Coal removed from carrier grounded in the bay

March 05, 2007|By Nicole Fuller

A private contractor, assisted by state and federal officials, began removing coal yesterday afternoon from the grounded ship M.V. Montrose, in hopes of freeing the vessel that has been stuck in shallow waters in the Chesapeake Bay since last week, Coast Guard officials said.

Two large barges - one to hold a crane and the other to accommodate the transferred coal - were brought yesterday morning into the mouth of the Choptank River where the commercial bulk carrier ran aground Wednesday. Officials hope that by lightening the load of coal, the Liberian-flag Montrose will be easier to refloat.

The process of removing some of the 74,215 metric tons of coal from the 712-foot ship began about 3 p.m. - at 7,000 tons per crane load - and was expected to take up to 36 hours.

FOR THE RECORD - An article in the Maryland section yesterday about efforts to free a ship loaded with coal that ran aground in the Chesapeake Bay incorrectly stated the rate at which the coal was to be removed by a crane operator. According to the U.S. Coast Guard, the amount is seven tons per load. THE SUN REGRETS THE ERROR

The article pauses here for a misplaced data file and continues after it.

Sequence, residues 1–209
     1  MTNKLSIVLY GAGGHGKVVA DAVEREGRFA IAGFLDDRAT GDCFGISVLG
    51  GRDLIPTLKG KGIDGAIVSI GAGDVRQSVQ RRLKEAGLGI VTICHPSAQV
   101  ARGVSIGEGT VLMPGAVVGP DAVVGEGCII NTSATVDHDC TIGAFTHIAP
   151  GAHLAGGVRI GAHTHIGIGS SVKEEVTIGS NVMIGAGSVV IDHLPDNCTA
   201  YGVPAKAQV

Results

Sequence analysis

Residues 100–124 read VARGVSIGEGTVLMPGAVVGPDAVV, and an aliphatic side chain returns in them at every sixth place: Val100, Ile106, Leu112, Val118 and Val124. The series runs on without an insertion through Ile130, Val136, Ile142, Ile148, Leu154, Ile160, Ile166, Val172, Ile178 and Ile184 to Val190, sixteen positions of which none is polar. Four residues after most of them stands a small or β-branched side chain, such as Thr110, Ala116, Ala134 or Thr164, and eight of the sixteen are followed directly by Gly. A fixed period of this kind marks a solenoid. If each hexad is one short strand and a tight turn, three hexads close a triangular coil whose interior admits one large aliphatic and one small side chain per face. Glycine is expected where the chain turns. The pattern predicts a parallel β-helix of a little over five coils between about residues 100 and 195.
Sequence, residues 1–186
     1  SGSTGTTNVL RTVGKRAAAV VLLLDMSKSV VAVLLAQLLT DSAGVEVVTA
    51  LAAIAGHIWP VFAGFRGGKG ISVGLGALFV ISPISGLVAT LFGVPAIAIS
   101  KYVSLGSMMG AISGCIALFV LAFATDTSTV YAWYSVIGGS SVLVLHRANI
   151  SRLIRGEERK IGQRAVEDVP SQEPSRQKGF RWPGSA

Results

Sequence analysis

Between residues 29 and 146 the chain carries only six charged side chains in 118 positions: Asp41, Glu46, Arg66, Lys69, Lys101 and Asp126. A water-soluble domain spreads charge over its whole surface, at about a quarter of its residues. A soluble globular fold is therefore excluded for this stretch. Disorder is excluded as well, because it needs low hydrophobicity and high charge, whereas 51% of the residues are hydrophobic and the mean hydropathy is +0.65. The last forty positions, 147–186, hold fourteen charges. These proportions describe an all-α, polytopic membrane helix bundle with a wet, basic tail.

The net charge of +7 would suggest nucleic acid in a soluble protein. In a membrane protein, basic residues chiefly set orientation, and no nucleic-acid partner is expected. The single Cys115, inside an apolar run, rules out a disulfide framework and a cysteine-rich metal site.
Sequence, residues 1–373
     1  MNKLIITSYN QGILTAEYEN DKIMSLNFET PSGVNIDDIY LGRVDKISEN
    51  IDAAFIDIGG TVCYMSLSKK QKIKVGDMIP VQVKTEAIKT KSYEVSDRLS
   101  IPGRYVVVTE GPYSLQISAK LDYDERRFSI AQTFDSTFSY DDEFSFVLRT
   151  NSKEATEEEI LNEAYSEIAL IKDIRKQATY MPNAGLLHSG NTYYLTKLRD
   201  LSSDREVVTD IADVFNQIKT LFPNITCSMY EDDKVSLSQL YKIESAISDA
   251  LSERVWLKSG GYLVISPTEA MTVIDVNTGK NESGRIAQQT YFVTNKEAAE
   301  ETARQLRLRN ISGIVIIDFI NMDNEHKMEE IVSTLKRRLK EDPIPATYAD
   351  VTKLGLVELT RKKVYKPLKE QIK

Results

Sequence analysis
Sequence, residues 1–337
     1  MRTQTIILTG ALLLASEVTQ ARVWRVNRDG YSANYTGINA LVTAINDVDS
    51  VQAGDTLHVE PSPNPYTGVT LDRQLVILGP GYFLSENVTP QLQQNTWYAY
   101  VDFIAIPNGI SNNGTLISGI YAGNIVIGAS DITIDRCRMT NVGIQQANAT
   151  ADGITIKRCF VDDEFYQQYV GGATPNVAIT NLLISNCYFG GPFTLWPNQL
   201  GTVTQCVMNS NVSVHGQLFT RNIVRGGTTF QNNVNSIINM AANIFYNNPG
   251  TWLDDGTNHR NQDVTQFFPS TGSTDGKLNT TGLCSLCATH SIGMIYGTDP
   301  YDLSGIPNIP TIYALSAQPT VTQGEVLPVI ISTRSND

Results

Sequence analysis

Wind gusts up to 28 knots yesterday caused "pretty rough" conditions, and officials will continue to monitor weather forecasts to ensure the safety of the crew and to offset any possible spills, said Coast Guard Petty Officer Andrew Kendrick.

As the coal is removed, the ship's ballast tanks are filled with seawater to offset the weight transfer. Once enough coal to refloat the ship has been removed, the tanks will be emptied, the Coast Guard said.

Officials, saying that dust from the coal could pollute the waters, set up tarps between the barges and the Montrose to reduce spillage.

Resolve Marine Group of Port Everglades, Fla., is working with the Coast Guard, the state Department of Natural Resources and the state Department of the Environment to free the ship.

Baltimore Sun Articles
|
|
|
Please note the green-lined linked article text has been applied commercially without any involvement from our newsroom editors, reporters or any other editorial staff.